Location

Ears can be located just about anywhere on insects (Fig. 1). There is one striking difference between insect ears and vertebrate ears: those of the latter, because of developmental constraints, are always on opposite sides of the head and always on the head, whereas insect ears have been found on virtually every part of the body. Of course, in any given species of insect, ears are always found on the same part of the body, but from group to group, ears may be found on the head, legs, wings, thorax, or abdomen.

Although the ears of most insects are clearly recognized by the presence of a conspicuous tympanal membrane either on the body's external surface or within an ear cavity, the ears of other insects are morphologically cryptic. For example, some hawk moths (superfamily Sphingoidea) possess hearing organs in their mouthparts, and by inflating their palps while they are feeding on flowers at dusk, they create functional ears that alert them to the echolocation calls of bats. The "cyclopean" ear of the praying mantis is located within a deep groove between the hind legs, and the tympanal membranes are not morphologically distinct from surrounding body parts, even to the trained eye. Even more cryptic are the ears of the Madagascar hissing cockroach, Gromphadorhina portentosa, in which there is no obvious eardrum or tympanal membrane overlying the internal chor-dotonal organs contained within the tibiae of its forelegs.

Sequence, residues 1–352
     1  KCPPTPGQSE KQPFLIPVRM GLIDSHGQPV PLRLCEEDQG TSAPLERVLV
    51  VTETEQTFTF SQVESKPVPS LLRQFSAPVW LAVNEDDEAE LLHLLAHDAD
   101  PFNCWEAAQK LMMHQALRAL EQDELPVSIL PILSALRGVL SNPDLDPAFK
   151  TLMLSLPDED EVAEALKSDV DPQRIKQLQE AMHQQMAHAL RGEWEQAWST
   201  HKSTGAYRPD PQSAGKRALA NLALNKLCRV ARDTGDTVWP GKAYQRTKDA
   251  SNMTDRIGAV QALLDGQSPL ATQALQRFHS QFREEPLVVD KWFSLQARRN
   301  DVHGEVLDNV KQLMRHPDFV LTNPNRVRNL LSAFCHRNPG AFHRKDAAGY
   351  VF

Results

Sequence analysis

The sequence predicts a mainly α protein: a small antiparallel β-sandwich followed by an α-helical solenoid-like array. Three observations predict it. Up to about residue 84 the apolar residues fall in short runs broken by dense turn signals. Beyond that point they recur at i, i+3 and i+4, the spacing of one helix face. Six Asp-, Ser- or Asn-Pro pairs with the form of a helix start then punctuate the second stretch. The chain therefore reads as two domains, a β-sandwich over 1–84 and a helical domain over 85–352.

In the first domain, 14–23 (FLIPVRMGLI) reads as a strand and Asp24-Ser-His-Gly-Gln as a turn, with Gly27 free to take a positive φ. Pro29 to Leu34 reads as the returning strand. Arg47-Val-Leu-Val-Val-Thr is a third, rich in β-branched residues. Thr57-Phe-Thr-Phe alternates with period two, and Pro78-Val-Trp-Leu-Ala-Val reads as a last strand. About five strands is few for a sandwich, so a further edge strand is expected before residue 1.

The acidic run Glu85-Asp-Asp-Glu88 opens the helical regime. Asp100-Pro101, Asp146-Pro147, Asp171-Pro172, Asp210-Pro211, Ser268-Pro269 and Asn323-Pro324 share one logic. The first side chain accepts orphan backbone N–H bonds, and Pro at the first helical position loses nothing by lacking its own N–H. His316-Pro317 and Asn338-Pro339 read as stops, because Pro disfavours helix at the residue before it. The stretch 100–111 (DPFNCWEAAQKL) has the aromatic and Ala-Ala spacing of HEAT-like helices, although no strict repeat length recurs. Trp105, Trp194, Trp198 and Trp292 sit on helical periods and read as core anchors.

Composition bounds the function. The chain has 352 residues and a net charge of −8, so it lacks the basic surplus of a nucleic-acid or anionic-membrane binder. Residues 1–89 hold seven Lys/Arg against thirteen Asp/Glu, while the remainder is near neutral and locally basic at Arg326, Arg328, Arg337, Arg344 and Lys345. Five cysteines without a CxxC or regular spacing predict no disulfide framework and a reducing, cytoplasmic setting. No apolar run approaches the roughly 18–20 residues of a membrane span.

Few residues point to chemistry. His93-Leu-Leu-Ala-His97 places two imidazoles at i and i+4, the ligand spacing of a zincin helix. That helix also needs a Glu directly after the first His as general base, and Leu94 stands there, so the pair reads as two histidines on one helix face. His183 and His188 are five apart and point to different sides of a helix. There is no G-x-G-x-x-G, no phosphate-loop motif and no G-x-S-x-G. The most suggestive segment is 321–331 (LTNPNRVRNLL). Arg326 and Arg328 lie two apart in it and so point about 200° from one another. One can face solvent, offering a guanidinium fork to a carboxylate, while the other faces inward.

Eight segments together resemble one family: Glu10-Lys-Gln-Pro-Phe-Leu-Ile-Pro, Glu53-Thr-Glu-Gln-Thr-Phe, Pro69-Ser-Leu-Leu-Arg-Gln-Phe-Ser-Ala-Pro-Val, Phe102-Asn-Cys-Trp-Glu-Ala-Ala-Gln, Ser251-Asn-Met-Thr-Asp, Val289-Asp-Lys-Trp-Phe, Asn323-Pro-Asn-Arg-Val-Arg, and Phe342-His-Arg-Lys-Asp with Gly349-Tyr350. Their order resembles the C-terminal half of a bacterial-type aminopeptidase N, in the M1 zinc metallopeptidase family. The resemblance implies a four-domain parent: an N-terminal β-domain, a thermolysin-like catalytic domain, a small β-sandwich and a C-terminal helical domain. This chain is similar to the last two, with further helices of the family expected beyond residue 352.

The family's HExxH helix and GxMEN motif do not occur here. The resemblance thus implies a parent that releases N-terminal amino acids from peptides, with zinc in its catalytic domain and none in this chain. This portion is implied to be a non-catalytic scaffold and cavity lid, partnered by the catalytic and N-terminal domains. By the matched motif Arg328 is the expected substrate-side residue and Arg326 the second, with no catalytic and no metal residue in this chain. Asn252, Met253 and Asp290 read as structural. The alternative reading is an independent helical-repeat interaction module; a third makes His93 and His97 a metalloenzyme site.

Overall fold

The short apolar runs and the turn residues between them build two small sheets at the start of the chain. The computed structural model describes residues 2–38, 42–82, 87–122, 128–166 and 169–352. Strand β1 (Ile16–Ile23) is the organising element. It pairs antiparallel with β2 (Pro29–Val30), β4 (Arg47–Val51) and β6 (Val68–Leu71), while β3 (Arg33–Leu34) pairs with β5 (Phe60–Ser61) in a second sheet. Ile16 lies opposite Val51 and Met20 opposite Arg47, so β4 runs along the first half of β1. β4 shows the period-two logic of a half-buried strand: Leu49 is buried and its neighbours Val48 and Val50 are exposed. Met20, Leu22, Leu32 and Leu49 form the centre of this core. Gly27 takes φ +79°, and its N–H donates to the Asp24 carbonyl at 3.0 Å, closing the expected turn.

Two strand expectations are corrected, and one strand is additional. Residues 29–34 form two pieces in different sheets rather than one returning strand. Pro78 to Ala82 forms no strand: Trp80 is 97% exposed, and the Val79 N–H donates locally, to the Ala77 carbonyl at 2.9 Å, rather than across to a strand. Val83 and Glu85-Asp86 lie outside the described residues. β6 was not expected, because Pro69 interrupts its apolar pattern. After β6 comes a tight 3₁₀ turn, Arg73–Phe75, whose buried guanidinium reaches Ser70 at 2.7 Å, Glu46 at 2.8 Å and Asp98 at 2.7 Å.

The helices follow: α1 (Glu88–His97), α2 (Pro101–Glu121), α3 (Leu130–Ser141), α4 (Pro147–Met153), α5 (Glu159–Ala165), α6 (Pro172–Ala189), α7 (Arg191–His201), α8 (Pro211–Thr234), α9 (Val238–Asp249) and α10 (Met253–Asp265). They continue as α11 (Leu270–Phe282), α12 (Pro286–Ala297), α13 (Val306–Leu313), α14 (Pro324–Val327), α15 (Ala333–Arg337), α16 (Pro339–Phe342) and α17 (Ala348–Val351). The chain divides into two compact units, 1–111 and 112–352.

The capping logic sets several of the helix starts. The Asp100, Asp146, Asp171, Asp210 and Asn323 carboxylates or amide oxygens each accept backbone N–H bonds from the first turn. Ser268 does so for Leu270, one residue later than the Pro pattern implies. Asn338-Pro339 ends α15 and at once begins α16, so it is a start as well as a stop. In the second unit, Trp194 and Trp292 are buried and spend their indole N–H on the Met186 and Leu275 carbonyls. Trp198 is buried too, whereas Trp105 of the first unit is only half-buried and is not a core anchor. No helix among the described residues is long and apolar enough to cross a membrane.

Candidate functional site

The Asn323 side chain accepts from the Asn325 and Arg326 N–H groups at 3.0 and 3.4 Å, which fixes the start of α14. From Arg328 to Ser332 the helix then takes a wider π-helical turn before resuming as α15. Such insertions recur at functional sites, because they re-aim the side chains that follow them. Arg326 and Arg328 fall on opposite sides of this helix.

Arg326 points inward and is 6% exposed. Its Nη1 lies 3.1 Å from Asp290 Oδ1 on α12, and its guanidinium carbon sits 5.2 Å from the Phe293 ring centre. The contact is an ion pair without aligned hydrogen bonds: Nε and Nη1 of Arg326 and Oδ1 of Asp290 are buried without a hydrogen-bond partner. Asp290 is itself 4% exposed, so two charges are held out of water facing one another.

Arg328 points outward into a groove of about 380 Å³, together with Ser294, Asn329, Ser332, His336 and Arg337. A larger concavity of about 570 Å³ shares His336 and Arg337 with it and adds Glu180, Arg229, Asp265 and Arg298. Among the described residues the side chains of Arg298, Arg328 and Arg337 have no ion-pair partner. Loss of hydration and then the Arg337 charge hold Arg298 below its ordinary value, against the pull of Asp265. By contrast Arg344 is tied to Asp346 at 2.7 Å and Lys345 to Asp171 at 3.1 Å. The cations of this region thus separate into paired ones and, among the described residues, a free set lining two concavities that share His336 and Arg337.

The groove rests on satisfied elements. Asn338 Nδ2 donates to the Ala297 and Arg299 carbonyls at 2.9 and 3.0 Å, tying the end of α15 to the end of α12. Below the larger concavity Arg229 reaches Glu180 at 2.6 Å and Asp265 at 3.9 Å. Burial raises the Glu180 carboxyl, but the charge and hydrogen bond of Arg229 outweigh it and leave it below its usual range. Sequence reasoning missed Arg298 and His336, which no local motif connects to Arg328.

Although most insects possess a single pair of hearing organs, there are at least two reports of insects with multiple ears. One lineage of praying mantids has two sets of ears: one located between the mesothoracic legs and tuned to ultrasonic frequencies (25 to 40 kHz) and another between the metatho-racic legs and tuned to lower frequencies (2—4 kHz). The multieared bladder grasshopper (B. membracioides) of South Africa has six pairs of serially repeated abdominal ears that function in detecting mating calls at distances of ~2 km.

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